Philipp Schlehuber-Caissier

Layered controller synthesis for dynamic multi-agent systems

By Emily Clement, Nicolas Perrin-Gilbert, Philipp Schlehuber-Caissier


In Proceedings of the 21st international conference on formal modeling and analysis of timed systems (FORMATS’23)

Abstract In this paper we present a layered approach for multi-agent control problem, decomposed into three stages, each building upon the results of the previous one. First, a high-level plan for a coarse abstraction of the system is computed, relying on parametric timed automata augmented with stopwatches as they allow to efficiently model simplified dynamics of such systems. In the second stage, the high-level plan, based on SMT-formulation, mainly handles the combinatorial aspects of the problem, provides a more dynamically accurate solution.

Continue reading

Dissecting ltlsynt

Abstract ltlsynt is a tool for synthesizing a reactive circuit satisfying a specification expressed as an LTL formula. ltlsynt generally follows a textbook approach: the LTL specification is translated into a parity game whose winning strategy can be seen as a Mealy machine modeling a valid controller. This article details each step of this approach, and presents various refinements integrated over the years. Some of these refinements are unique to ltlsynt: for instance, ltlsynt supports multiple ways to encode a Mealy machine as an AIG circuit, features multiple simplification algorithms for the intermediate Mealy machine, and bypasses the usual game-theoretic approach for some subclasses of LTL formulas in favor of more direct constructions.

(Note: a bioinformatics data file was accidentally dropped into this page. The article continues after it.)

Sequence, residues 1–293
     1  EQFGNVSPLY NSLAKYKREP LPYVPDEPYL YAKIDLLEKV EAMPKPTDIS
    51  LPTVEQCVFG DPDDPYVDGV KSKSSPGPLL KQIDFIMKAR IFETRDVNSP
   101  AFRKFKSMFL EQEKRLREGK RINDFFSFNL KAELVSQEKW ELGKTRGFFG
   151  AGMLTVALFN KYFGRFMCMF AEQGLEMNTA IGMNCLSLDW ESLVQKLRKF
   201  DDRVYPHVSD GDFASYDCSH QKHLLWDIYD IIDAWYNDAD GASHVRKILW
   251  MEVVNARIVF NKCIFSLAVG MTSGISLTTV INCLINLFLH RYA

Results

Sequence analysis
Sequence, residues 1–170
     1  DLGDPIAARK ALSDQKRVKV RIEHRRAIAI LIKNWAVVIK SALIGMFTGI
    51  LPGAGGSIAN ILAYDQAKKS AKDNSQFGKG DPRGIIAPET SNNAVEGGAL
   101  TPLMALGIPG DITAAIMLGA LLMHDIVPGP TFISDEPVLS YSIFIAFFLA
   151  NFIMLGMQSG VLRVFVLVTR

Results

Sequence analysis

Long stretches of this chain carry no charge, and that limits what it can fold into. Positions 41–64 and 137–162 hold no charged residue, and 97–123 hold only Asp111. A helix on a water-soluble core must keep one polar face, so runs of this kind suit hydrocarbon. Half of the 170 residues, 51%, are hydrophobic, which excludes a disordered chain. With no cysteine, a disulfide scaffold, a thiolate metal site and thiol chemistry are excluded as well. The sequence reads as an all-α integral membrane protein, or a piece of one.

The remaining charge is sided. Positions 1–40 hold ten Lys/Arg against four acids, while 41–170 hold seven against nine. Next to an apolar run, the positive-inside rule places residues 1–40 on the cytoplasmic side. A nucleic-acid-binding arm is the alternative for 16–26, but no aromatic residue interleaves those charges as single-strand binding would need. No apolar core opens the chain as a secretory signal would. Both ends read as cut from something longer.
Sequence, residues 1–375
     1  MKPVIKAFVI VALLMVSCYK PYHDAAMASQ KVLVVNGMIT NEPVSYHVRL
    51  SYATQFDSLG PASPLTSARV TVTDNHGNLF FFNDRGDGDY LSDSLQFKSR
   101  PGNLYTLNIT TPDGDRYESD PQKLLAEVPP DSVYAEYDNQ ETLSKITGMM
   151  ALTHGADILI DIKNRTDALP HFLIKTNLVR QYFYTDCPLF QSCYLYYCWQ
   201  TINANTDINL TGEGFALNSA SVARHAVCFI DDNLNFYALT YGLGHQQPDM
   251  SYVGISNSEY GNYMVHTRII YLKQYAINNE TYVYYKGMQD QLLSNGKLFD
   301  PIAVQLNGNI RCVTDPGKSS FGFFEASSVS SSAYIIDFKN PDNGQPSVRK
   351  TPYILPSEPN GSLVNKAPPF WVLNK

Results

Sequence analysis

Continue reading

The Mealy-machine reduction functions of Spot

Abstract We present functions for reducing Mealy machines, initially detailed in our FORTE’22 article. These functions are now integrated into Spot 2.11.2, where they are used as part of the ltlsynt tool for reactive synthesis. Of course, since Spot is a library, these functions can also be used on their own, and we provide Python bindings for easy experiments. The reproducible capsule benchmarks these functions on Mealy machines from various sources, and compare them to the MeMin tool.

Continue reading

Energy problems in finite and timed automata with Büchi conditions

By Sven Dziadek, Uli Fahrenberg, Philipp Schlehuber-Caissier


In International symposium on formal methods (FM)

Abstract We show how to efficiently solve energy Büchi problems in finite weighted automata and in one-clock weighted timed automata. Solving the former problem is our main contribution and is handled by a modified version of Bellman-Ford interleaved with Couvreur’s algorithm. The latter problem is handled via a reduction to the former relying on the corner-point abstraction. All our algorithms are freely available and implemented in a tool based on the open-source tools TChecker and Spot.

Continue reading

From Spot 2.0 to Spot 2.10: What’s new?

Abstract Spot is a C++17 library for LTL and $\omega$-automata manipulation, with command-line utilities, and Python bindings. This paper summarizes its evolution over the past six years, since the release of Spot 2.0, which was the first version to support $\omega$-automata with arbitrary acceptance conditions, and the last version presented at a conference. Since then, Spot has been extended with several features such as acceptance transformations, alternating automata, games, LTL synthesis, and more.

Continue reading

Effective reductions of Mealy machines

By Florian Renkin, Philipp Schlehuber-Caissier, Alexandre Duret-Lutz, Adrien Pommellet


In Proceedings of the 42nd international conference on formal techniques for distributed objects, components, and systems (FORTE’22)

Abstract We revisit the problem of reducing incompletely specified Mealy machines with reactive synthesis in mind. We propose two techniques: the former is inspired by the tool MeMin and solves the minimization problem, the latter is a novel approach derived from simulation-based reductions but may not guarantee a minimized machine. However, we argue that it offers a good enough compromise between the size of the resulting Mealy machine and performance. The proposed methods are benchmarked against MeMin on a large collection of test cases made of well-known instances as well as new ones.

Continue reading